My chicks are now 3 weeks old and as you can see from the following picture, they are fast out growing their present brooder in the utility room
The chicks are starting to look "tatty" as their proper feathers as starting to grow.
The Sussex X chick in the foreground has lost it's cute chick look and hasn't got the proper hen look either. According to my hen books you are supposed to be able to tell the sex of the Cuckoo Maran chicks now they are 3 weeks old. The pullets have very little or no comb and a large tail, whereas the cock bird has a small tail and a noticeable comb. So if that is the case, I can identify 3 pullets (female hens) and 1 cock bird. the remaining Maran chick I think is a pullet, and the jury is out on the Sussex X chick at the moment.
Talking to my smallholder friend Jayne about a bigger brooder for my chicks, she had a run that the snow had crushed the roof, so with a little bit of joinery work by Tim and I have a new run for my chicks Just needs a hinged panel to go on the top, then it is ready to go into the barn, the heat lamb turned on and then the chicks will be moved into their new home.

Growing some unusual veg

Looking through the seed catalogues earlier this year, a couple of unusual veg plants caught my eye.
One lot of plants were some Black Tomatoes, the others were these...

Sweet Potato plants as opposed to slips, which are supposed to be easier to grow. Here in the North I will have to keep them in the greenhouse to ensure that they grow well. It will be interesting to see how the sweet potatoes grow and the taste of the black tomatoes.

Sunday 1 May 2011

Weekend Visitors

On Saturday Freyalyn (, Mark. Lunil and Bil came for the weekend. It started with a quick note from Freyalyn asking if I had any long stapled fleeces. A look in my fleece store revealed 2 Teeswater fleeces, that had been washed, and so they decided to come and visit, and collect the fleece.

As the lambs were due their first Hepotvac injections, Mark volunteered to help, and as we had all the ewes in the barn as well, and one or two had a slight limp, all the ewes got a pedicure and some a "bum trim". It gave Mark some more experience of dealing with sheep as he's keen to learn how to shear sheep.

But it's not all work. After this morning's chores we drove down to the beech at Runswick Bay for the dogs to have a run around. Thankfully we managed to get there without Holly being sick in the car. This is a great result and we may try to take her and Deefa there another day.

Holly and Deefa sniffing a rock on the beech.

Deefa in the sea. Moments later he turned round and the wave you can see lifted him off his feet! He was not impressed! and as this was his first experience of the sea he's not too keen about going in again.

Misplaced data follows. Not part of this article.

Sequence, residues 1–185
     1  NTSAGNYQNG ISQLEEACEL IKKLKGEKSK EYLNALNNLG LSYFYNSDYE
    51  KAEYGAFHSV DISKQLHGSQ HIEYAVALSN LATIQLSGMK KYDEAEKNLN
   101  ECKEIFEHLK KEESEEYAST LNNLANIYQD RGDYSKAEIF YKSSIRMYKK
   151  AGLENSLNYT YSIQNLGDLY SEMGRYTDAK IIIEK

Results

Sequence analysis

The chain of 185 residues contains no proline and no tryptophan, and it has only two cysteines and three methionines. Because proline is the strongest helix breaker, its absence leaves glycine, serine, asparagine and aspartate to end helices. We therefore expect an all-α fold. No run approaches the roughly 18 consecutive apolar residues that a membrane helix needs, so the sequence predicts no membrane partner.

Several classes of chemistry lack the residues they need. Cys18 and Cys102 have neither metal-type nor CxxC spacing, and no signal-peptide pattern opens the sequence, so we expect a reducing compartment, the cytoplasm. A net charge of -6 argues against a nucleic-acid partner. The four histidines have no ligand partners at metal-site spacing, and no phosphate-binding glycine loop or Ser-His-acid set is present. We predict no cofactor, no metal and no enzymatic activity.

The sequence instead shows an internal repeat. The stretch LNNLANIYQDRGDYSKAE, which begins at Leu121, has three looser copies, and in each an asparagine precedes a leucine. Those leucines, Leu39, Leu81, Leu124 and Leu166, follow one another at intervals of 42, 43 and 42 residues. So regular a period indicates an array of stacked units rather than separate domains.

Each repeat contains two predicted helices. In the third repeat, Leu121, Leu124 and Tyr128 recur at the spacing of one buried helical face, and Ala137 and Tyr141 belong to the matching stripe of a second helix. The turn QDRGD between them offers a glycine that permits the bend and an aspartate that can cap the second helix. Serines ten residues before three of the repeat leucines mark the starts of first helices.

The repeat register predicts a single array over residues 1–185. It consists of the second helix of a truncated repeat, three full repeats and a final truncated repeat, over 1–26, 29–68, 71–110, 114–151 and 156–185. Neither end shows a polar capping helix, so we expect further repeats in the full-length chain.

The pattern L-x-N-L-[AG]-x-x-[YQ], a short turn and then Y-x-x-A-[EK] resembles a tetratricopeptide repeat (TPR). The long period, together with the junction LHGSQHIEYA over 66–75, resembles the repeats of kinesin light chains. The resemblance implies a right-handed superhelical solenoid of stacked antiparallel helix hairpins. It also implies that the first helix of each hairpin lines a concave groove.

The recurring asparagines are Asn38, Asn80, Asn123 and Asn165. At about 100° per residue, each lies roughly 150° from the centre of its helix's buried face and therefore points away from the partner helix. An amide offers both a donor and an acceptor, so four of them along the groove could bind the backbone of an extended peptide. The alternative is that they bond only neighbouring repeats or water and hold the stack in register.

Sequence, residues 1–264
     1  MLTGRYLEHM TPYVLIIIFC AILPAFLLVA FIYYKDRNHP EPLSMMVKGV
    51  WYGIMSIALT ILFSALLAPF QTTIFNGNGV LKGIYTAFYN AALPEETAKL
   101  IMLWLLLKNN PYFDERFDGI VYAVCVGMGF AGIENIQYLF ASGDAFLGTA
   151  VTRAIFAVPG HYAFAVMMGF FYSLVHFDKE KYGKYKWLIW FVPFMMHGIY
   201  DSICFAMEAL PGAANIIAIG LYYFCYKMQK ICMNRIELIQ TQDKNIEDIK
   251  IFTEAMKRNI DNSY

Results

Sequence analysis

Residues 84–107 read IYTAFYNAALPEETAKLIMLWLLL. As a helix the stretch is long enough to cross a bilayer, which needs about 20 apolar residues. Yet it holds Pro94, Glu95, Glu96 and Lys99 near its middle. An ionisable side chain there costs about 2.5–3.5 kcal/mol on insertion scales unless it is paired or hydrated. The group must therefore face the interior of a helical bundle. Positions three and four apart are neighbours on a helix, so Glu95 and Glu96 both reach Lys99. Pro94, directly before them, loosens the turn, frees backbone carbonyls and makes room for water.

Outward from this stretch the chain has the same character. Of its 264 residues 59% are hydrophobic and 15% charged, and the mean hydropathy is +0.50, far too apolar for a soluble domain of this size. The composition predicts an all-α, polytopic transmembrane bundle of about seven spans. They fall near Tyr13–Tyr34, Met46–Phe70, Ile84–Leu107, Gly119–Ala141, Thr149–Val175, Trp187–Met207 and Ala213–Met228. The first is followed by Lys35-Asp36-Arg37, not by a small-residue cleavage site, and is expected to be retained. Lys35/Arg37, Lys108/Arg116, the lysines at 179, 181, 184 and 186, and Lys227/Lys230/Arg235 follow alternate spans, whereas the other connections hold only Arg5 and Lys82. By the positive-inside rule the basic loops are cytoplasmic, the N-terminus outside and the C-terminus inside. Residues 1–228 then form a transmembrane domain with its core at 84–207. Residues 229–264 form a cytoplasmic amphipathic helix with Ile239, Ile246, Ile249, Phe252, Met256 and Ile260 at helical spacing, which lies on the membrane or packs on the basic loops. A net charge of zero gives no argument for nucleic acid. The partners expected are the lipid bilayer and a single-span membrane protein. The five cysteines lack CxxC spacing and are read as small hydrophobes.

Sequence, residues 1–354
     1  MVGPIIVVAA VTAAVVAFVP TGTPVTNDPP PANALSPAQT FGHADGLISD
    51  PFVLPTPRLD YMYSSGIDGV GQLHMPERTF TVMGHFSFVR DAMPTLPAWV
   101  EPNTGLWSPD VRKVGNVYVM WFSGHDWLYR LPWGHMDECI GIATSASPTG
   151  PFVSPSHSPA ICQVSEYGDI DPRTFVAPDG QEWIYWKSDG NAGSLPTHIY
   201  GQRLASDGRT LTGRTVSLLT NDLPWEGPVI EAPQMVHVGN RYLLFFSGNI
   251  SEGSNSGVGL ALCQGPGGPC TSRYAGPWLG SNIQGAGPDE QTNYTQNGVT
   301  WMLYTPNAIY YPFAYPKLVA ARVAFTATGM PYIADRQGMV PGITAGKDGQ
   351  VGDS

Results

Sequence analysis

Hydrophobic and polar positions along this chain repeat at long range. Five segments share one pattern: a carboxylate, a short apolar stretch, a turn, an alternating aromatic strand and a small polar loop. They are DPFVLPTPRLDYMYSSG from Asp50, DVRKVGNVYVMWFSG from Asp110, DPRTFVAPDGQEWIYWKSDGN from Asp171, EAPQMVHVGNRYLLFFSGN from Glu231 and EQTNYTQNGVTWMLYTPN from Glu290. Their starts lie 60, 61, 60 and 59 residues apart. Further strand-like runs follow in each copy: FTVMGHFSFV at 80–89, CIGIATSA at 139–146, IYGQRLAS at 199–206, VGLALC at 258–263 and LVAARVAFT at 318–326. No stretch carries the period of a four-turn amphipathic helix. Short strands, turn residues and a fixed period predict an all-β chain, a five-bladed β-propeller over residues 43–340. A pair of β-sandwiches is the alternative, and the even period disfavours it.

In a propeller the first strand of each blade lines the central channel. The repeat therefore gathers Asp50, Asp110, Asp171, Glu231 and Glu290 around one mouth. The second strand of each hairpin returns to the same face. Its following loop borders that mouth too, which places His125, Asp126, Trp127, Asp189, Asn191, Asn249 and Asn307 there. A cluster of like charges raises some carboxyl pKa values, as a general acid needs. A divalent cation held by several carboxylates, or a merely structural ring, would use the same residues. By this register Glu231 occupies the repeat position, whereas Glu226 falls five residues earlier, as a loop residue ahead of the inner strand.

Lunil, Bil and Deefa.

Deefa watching Luni and Bill in the sea from a safe distance

Nesting birds in the cliffs. Not sure what they are.

It was a good walk, as well as a good weekend and now both dogs are crashed out catching up on their beauty sleep and my fleece store is now several fleeces less after Freyalyn and I'd had a good rummage around at what fleeces I've got.
I've been inspired to blend some of my fibres together, and have another go with my drop spindle having watch Freyalyn using hers this weekend. I was amazed at how much wool she got spun up using her drop spindle.


Apart from the thunderstorm last weekend, we've had constant sunshine and we could really do with some more rain. So I thought I'd post some pictures of some of our animals.

These are our pet lambs, all 17 of the "little darlings". They terrorise any of the Maran hens that dare to venture into their paddock.
Most of the pet lambs are on the milk buckets, but 3 are still on bottles. Hobbit, because he's so small and had a problem with Selenium deficiency, Honolulu, he's got Orf, so we don't want that spreading through the rest of the lambs and finally Poorly Boy, he came to us with a nasty rattle in his lungs and hardly drank any milk. We dosed him up with antibiotics and he recovered, only to go down with joint ill last weekend. He's slowly recovering with medication.

And finally, the chicks. You can clearly see their wing feathers starting to develop and when I take the top off the brooder, they are starting to try and fly. I've just put them onto wood shavings in an attempt to keep the brooder a bit cleaner. Already 2 of the chicks are bigger than the others, which could mean they are cockerels, and 2 have the startings of a tail, which could mean they are pullets or female hens. It's looking like the Sussex X chick could be a female, but we should be able to tell more when they are 3 weeks old.

Holly spends a lot of time watching the chicks, we call it "Holly TV" and she's watching the "Chick Channel". The chicks seem to change everyday and are really growing fast. They'll soon be too big for the brooder and if I raise the lid, as I'm supposed to, to reduce the temperature inside the brooder, but I think the chicks will fly out!!!!!